Flavourful Oils

There are two kinds of culinary oils, the ones you cook with and the ones you use right out of the bottle as flavourings on salads, vegetables or bread. Common cooking oils are listed in Smoke and Fire. In addition to dark, fruity extra-virgin olive oil for dressing salads and vegetables, nut oils and such exotic options as avocado oil add delicious flavour. Smoky sesame oil added at the end of a stir-fry gives the food that special Asian flavour. The following oils have lower smoke points, meaning they are best unheated and most should be reserved for flavouring. The exception is light olive oil.

Type of Oil Comment/Use

Extra Virgin Olive Oil Oil from the first, cold-pressing. Deep in

(EVOO) colour and aromatic. Expensive so is

wasteful to cook with it. Low flash point.

Best used cold in salad dressings, dipping

sauces, and to dress cooked vegetables.

Virgin Olive Oil/Olive Oil Both extracted with solvents. Flavour is

weaker and colour paler than EVOO. We

do not recommend using oils processed

with solvents.

Superfine Olive Oil/Cold- Made from secondary pressings. Best for cold

Pressed Olive Oil uses and suitable for sautéing at lower tempera- tures, then finish with EVOO. Flavour less

robust. Less expensive than EVOO.

Flaxseed Oil Use in salad dressings or in smoothies. Do not heat.

Light Olive Oil Highly filtered; pale in colour. Higher flash point than other olive oils and suitable for

frying at higher heat. Processing removes most

of the olive flavour, making it comparable to

canola or grapeseed oil.

Toasted Sesame/Dark Adds a smoky flavour to Asian-style stir-fries but

Sesame Seed Oil use regular sesame for cooking, then add a splash of the toasted oil before serving. Can also make interesting salad dressings.

Avocado Oil Green, full of flavour with a higher flash point than olive oil so it is more suitable for cooking. Expensive. Use like EEVO to dip bread, dress a salad, or finish a soup. Avocado contains a compound that helps prevent absorption of LDL cholesterol.

Walnut/Almond/Hazelnut/ These gourmet oils are great for salads and

Pistachio/Pignoli/Apricot savory finishes. Because they are more flavourful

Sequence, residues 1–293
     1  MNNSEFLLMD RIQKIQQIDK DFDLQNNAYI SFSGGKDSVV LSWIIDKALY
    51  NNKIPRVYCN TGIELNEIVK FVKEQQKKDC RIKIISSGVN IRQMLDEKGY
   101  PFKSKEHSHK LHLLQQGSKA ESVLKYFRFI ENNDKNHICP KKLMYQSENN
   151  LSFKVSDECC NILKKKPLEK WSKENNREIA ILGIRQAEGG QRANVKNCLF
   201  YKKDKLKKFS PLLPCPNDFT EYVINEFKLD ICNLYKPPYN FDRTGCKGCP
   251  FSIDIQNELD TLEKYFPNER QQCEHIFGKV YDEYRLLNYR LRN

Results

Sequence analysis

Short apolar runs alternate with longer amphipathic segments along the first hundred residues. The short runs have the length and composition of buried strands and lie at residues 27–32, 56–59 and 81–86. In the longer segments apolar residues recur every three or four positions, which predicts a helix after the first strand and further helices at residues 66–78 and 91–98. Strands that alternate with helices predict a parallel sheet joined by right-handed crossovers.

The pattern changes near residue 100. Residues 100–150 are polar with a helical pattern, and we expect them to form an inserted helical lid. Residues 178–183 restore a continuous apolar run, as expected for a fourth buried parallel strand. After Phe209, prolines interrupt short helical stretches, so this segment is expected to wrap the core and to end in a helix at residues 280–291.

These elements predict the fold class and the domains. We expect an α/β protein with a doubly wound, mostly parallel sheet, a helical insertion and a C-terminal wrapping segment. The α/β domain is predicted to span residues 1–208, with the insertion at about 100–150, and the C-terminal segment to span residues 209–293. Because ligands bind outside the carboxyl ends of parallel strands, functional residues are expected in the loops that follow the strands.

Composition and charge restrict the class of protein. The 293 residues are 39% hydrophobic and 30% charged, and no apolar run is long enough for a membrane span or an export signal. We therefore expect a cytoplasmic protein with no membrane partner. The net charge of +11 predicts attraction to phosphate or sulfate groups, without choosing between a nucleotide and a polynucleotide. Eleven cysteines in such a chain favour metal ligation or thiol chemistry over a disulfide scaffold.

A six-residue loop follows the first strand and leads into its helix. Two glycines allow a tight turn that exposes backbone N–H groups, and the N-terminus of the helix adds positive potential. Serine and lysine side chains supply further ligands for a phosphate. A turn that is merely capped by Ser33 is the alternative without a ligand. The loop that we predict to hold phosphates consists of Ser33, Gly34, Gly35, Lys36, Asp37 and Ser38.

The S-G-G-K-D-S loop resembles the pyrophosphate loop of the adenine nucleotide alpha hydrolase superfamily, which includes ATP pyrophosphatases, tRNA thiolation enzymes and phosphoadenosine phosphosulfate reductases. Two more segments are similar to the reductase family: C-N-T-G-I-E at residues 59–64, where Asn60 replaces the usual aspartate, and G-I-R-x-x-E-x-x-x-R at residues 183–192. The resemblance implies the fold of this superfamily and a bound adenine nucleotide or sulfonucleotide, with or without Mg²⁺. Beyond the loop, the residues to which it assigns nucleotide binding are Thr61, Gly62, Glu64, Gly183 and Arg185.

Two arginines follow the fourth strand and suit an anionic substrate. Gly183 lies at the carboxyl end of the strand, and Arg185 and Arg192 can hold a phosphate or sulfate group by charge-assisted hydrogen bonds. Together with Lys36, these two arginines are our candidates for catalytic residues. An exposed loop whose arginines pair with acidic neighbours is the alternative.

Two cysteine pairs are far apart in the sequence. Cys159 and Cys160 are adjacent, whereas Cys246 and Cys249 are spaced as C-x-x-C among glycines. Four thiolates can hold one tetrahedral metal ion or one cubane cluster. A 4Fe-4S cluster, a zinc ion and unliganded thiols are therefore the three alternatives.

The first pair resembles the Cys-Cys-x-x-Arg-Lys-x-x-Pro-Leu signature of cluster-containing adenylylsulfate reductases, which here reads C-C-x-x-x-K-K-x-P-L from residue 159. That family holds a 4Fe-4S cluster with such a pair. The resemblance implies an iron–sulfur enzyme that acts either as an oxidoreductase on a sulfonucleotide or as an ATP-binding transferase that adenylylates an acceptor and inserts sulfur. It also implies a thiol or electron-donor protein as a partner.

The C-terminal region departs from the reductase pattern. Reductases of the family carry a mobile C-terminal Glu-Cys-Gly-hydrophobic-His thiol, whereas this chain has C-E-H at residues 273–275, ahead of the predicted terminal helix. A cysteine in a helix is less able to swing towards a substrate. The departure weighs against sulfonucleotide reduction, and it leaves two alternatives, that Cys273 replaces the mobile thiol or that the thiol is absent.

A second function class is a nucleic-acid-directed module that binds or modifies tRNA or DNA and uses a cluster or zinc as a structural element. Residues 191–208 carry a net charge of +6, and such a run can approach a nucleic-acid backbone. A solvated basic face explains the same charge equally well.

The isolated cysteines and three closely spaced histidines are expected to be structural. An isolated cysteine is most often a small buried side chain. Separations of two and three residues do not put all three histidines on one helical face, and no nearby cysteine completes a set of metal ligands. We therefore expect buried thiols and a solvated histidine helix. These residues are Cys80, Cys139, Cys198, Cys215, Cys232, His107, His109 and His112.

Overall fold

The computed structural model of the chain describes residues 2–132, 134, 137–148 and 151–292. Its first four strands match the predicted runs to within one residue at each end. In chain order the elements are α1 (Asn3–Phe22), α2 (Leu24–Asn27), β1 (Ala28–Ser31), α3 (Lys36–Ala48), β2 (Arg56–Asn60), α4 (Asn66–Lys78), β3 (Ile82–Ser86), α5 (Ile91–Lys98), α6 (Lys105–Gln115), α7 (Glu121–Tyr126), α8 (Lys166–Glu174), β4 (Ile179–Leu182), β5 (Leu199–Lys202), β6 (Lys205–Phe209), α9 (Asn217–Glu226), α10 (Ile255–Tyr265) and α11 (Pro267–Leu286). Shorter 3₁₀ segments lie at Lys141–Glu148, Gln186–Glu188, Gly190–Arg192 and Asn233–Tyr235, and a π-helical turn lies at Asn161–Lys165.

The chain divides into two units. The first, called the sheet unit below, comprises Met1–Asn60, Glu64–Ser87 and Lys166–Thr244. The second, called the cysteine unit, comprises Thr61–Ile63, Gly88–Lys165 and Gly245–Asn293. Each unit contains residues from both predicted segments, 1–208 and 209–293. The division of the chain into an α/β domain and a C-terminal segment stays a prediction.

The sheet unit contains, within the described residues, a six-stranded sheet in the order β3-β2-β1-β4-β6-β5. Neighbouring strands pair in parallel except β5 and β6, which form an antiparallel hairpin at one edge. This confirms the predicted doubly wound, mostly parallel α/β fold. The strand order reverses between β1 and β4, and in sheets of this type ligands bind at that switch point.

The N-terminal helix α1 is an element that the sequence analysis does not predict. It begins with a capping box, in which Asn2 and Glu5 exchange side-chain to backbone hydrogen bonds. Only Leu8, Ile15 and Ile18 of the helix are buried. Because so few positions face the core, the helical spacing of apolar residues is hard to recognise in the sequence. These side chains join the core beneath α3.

Seed/Macadamia/Pumpkin than normal salad oils you can use less of these

Seed Oils expensive oils. Heat alters their flavour so don’t use in cooking. Try macadamia oil with mashed turnips; pumpkinseed oil in salad garnished with apples or pears; or walnut oil on a spinach salad. Hazelnut oil pairs will with fish such as salmon.

Smoke and Fire

Each oil has a smoke point, or flash point, the temperature at which it begins to smoke

or catch fire. (The oil is actually decomposing.) Not only does this ruin your food

and smell up your kitchen, but the fats form nitrosamine compounds that can be

hazardous to your health. Only certain oils should be used for high-temperature

cooking and even they can be overheated. If you burn oil, discard it and thoroughly

scour the pan before using it again. You should only use oils with high flash points

for quick sautéing or stir-flying at high temperatures. Refined oils have higher smoke

points but have been stripped of some of their flavour and nutrients.

Oil Unrefined Oil

Smoke Point

Palm Fruit 240ºC

Coconut oil 232°C

Grapeseed* 216ºC

Light olive 185ºC – 205°C

Ghee** 188ºC

Butter 174ºC

Light sesame 174ºC

Peanut 232ºC

Soybean 192ºC – 225°C

Canola 224°C – 232ºC

Safflower 106ºC

Sunflower 160ºC

Corn*** 158ºC

Flaxseed oil 107°C

Pumpkin seed oil 120°C

Hemp seed oil 165°C

Apricot kernel oil 193°C – 255°C

Macadamia oil 198°C

Sesame oil 215°C

Almond oil 220°C

Avocado oil 220°C – 250°C

  • General guideline for oils: above 150°C unsaturated fats become mutagenic (damage genes); above 160°C transfats begin to form; and above 200°C a substantial amount of transfats are formed and above 220°C mega quantities of transfats are formed.
  • Oils that are the least damage by temperatures and oxygen are: butter, coconut oil, palm fruit oil, sesame oil, canola oil and olive oil. These oils are EFA-poor oils.
  • Do not wait to long before you add food to oil – oil gets to hot.

  • Not to be confused with rapeseed oil; grapeseed oil is flavourless and has a high

smoke point

  • Ghee, which is used in traditional East Indian cuisine, is butter that has the milk solids removed so that it can be heated to a higher temperature than butter.
  • We do not recommend using corn oil because of its imbalance of omega-3 and

omega -6 fatty acids.

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